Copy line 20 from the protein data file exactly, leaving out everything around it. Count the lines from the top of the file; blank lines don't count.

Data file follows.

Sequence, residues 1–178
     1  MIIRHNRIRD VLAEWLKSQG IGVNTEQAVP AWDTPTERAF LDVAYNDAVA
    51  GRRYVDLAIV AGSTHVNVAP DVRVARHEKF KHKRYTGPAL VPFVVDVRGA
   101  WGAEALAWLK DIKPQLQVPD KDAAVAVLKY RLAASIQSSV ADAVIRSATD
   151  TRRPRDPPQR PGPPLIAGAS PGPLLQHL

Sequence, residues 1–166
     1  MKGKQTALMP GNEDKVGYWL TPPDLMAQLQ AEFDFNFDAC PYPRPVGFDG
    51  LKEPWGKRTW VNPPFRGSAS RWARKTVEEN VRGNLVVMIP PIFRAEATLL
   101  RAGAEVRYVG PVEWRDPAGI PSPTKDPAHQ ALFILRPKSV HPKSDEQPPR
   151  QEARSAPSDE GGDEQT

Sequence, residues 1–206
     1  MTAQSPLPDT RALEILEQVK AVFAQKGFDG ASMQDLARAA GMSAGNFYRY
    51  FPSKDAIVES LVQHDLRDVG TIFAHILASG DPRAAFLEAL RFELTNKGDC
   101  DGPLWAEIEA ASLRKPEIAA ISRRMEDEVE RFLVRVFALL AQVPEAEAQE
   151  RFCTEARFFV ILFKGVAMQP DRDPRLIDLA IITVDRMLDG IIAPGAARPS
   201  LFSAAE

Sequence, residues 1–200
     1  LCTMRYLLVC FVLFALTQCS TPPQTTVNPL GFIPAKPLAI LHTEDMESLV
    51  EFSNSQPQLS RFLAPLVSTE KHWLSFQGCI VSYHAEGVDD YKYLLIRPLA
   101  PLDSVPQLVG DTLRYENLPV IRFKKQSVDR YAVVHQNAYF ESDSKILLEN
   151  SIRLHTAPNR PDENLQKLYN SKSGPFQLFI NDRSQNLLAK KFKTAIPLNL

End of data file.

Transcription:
   101  PLDSVPQLVG DTLRYENLPV IRFKKQSVDR YAVVHQNAYF ESDSKILLEN